A few hours ago, three-day badges for the Penny Arcade
Expo (PAX) East show went on sale, at the impressive price of $75. 35 minutes later, said badges had completely sold out. Despite limits designed to get more badges into more hands, there was still a rapid sellout, and this particular sellout says something interesting about the larger gaming environment.
Back in 2013, it took most of a day for the three day badges to sell out, though single-day passes—slightly more expensive at $40 per day, or $120 for the full three-day affair—were available for months after the fact. This time, it took only minutes, sufficient for Penny Arcade to offer a note of warning to those buying: “If we determine that you are ordering under different names and multiple addresses, all of your orders will be canceled immediately.”
Though there are already some wondering about the potential of scalpers afoot—somewhat augmented by the fact that hotel registration websites seemed to be down for extended periods—it showed quite clearly that PAX East, and by extension the original PAX Prime
event that takes place on the opposite coast (PAX East takes place in Boston), are catastrophically popular events. Why? There are of course a host of possible answers, but I personally assert that it's a matter of spectacle.
Granted, the PAX events are a lot more accessible than former show titan—now mostly media event—E3 ever was, but there's still something to be sad for checking out the newest stuff that's coming up. Actually getting to see the trailers in advance, going hands-on with such matters, and considering we're mere weeks away from kicking off a new era of the console wars in earnest thanks to the arrival of the Xbox One and the PlayStation 4, there's likely to be quite a bit to see in 2014 when the show kicks off.
But it's not just about showing off the latest and greatest. Indeed, many attend E3 in a virtual sense by streaming. Blizzard recently showed off a kind of “BlizzCon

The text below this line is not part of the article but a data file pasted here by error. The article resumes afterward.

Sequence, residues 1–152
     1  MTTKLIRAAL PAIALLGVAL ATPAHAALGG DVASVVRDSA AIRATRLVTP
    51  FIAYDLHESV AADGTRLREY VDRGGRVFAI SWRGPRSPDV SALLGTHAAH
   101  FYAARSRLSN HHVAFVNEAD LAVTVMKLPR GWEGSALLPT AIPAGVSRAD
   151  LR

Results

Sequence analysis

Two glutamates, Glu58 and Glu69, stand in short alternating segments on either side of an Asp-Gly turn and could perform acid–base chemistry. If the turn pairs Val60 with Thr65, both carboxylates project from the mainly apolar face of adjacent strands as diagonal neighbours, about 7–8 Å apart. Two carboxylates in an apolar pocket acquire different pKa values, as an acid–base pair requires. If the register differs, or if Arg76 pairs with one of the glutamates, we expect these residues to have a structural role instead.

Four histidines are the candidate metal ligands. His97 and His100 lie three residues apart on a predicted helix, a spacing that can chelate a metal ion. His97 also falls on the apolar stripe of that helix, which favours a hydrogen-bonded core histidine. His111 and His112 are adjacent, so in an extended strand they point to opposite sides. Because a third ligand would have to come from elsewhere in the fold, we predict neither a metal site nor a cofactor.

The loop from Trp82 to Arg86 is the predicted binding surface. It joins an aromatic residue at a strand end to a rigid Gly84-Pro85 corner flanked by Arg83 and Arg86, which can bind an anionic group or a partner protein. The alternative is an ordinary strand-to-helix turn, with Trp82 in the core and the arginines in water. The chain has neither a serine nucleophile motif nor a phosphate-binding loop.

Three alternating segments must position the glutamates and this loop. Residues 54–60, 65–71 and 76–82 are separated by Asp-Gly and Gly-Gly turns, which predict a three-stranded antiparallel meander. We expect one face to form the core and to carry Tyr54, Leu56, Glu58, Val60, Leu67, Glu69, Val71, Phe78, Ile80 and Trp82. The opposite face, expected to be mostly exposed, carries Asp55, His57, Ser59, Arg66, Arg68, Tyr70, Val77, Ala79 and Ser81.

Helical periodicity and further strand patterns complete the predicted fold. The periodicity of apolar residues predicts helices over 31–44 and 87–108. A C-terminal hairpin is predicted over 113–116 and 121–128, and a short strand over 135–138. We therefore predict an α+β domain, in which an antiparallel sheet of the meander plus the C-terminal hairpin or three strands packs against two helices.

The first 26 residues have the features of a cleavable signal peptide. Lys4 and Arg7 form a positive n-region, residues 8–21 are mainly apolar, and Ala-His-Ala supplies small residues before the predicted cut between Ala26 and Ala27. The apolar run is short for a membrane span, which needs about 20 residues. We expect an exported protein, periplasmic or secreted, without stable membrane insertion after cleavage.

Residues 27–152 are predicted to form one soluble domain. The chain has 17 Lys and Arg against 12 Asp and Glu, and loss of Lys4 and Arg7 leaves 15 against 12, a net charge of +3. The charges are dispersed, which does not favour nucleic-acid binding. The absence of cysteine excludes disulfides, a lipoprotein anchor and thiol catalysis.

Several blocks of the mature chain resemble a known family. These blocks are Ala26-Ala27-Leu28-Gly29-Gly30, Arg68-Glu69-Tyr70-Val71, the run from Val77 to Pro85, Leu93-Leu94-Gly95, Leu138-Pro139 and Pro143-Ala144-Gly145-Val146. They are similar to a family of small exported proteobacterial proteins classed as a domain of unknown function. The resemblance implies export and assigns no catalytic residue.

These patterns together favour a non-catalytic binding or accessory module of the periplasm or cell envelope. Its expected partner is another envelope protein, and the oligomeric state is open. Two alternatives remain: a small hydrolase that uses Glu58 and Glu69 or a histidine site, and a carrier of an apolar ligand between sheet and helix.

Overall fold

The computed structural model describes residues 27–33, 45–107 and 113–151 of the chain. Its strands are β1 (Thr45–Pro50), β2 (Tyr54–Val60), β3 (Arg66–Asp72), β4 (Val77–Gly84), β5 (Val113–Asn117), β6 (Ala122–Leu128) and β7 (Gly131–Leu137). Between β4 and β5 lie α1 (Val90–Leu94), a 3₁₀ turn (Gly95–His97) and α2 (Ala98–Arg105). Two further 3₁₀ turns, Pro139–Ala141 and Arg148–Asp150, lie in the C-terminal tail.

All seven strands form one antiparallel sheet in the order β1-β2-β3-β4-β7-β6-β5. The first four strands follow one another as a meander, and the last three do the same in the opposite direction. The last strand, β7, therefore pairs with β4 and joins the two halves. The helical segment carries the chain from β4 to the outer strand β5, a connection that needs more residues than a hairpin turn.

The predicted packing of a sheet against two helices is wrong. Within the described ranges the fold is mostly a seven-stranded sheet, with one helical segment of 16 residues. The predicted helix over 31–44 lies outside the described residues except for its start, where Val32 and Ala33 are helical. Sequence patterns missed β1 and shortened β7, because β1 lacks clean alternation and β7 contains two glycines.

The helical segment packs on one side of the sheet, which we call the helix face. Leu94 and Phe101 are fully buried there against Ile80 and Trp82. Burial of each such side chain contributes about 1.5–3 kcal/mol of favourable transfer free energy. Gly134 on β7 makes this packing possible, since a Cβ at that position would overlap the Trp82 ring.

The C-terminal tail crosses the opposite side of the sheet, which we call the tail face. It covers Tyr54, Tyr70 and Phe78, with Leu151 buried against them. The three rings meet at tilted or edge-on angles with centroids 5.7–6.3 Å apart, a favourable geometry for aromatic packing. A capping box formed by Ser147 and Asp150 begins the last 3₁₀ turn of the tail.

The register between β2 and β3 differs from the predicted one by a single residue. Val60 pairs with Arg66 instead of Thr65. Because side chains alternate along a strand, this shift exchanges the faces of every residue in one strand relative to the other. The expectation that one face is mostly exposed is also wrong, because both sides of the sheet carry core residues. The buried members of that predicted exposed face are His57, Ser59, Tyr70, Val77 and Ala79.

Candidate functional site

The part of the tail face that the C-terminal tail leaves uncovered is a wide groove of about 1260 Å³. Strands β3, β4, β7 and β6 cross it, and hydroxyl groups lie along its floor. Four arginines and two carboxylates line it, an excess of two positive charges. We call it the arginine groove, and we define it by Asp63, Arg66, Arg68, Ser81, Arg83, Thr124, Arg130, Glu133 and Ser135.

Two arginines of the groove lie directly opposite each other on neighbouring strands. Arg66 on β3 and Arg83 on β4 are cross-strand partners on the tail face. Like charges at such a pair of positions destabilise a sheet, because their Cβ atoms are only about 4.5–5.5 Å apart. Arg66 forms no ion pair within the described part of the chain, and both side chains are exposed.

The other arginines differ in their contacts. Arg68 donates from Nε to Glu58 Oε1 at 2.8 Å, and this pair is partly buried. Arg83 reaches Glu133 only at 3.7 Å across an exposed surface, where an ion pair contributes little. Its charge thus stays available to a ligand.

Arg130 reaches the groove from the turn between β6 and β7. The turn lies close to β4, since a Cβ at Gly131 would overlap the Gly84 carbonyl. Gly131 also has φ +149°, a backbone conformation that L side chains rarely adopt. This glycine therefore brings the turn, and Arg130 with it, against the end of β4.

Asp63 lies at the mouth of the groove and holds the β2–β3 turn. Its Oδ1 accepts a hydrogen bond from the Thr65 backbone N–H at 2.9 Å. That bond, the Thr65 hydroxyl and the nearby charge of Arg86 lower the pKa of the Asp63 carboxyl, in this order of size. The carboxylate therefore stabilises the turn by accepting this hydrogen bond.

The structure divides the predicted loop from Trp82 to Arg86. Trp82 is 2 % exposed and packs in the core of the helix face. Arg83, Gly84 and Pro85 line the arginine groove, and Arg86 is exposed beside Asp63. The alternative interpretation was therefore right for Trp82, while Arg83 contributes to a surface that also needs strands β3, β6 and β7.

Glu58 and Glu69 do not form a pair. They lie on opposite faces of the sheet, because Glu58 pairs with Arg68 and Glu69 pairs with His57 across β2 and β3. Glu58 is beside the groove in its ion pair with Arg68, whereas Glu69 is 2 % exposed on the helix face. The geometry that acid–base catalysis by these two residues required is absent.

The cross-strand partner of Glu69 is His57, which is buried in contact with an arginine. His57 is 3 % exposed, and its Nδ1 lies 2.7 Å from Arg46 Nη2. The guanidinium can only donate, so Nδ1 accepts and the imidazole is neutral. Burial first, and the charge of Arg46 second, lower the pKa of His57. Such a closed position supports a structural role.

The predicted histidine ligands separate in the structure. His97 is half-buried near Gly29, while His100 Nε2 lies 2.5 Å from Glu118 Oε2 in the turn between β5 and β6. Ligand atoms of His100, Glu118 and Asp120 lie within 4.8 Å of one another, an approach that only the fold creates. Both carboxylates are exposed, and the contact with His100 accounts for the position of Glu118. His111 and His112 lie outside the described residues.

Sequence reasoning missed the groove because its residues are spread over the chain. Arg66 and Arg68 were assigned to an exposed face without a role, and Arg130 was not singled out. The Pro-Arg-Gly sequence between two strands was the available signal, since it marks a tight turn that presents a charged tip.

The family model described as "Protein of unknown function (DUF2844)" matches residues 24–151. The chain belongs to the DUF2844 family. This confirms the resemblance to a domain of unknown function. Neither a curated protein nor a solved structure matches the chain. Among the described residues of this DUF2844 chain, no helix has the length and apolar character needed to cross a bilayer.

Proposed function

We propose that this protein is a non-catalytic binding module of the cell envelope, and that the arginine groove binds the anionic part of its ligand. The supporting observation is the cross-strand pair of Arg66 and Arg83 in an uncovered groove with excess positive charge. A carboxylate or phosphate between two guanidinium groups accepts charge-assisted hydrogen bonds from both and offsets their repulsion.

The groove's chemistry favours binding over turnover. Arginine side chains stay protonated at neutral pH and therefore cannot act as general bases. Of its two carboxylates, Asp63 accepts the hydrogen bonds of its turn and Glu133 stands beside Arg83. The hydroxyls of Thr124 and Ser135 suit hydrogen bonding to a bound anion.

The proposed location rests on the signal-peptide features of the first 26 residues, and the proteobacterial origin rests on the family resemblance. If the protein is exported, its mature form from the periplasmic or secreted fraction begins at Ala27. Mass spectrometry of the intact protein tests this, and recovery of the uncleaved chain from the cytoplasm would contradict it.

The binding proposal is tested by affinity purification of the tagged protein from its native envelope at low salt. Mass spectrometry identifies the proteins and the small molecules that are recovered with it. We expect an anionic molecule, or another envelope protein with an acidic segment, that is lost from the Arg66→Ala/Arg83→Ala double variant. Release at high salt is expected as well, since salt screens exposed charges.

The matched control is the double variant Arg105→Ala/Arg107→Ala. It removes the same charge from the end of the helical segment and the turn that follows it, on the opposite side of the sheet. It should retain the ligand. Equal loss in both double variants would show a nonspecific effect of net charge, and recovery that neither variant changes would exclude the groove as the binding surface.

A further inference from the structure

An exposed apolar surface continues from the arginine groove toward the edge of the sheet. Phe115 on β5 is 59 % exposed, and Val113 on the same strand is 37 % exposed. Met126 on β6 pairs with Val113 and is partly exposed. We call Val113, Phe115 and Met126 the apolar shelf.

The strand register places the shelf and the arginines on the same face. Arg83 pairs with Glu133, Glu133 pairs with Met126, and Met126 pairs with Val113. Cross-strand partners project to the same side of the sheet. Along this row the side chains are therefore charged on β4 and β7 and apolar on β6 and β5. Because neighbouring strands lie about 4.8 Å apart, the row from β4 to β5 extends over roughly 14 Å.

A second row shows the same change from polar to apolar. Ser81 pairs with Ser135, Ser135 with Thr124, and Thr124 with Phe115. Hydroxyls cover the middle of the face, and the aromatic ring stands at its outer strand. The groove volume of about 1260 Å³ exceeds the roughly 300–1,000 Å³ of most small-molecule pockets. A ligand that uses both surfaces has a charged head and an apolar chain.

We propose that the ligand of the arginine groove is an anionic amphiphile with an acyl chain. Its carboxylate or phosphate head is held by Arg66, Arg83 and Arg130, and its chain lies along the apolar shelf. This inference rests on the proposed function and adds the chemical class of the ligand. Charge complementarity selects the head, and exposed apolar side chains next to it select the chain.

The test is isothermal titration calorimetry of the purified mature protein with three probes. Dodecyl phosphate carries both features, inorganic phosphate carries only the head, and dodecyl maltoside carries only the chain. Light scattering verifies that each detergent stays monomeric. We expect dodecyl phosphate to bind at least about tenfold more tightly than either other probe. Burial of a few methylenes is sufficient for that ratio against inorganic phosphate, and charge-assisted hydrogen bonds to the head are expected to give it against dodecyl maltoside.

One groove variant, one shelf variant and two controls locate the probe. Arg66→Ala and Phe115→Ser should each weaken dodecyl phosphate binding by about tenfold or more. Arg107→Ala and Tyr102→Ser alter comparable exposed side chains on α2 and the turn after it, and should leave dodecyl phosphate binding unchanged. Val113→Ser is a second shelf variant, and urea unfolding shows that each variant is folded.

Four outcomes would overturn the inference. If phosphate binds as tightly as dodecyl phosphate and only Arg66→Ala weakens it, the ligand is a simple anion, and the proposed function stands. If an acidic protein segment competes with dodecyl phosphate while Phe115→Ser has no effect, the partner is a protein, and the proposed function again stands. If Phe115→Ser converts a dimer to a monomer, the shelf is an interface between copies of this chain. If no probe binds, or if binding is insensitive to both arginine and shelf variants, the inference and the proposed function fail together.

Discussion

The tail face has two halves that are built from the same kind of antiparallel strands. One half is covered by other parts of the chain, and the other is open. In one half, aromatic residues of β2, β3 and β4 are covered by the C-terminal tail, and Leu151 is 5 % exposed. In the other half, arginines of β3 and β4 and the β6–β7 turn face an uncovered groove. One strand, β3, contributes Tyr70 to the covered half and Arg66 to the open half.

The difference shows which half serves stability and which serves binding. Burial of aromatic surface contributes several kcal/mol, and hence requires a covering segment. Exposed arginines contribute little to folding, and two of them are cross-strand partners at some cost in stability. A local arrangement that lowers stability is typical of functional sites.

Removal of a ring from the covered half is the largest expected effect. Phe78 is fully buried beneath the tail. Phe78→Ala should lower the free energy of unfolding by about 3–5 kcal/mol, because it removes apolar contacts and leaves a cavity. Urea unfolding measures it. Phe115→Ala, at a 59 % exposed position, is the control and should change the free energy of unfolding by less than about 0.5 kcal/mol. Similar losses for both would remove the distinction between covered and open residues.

in a box” affair to encourage home viewing, complete with BlizzCon swag and instructions on how to host a livestream party. Showing trailers for games is the kind of thing that can be done any time; movies have been doing it for years, both online and on the videos themselves when said videos go up for sale. It's also likely about a sense of community. Gamers have been part of a community for some time now, and though that community has changed its face and its scope over the years, it's still a community. PAX is one of the greatest expressions of said community around.
It used to be that getting gamers together was done on a local level, in buildings stuffed full of video games known as arcades. Kids, ask mommy and daddy what “arcades” were; there are still some around, but trust me, finding an arcade isn't easy if you don't live near an amusement park or in Las Vegas. But with the rapid growth of home gaming, not to mention the advent of the Internet, talking to gamers that you never actually saw before became possible, even easy. Getting all those gamers together in one place, meanwhile, opened up something of an opportunity for things like PAX to arrive, and arrive said things did.
Building a community has never been so important, and when it comes to gaming, the basic elements of said community have been in place for a long time. Discussion, competition, comparison, and of course the willingness of game purveyors to show off the goods is all present, and it's part of what makes PAX the kind of thing that can sell out in about 35 minutes. It's a lesson that's well worth learning, for game makers and game players alike.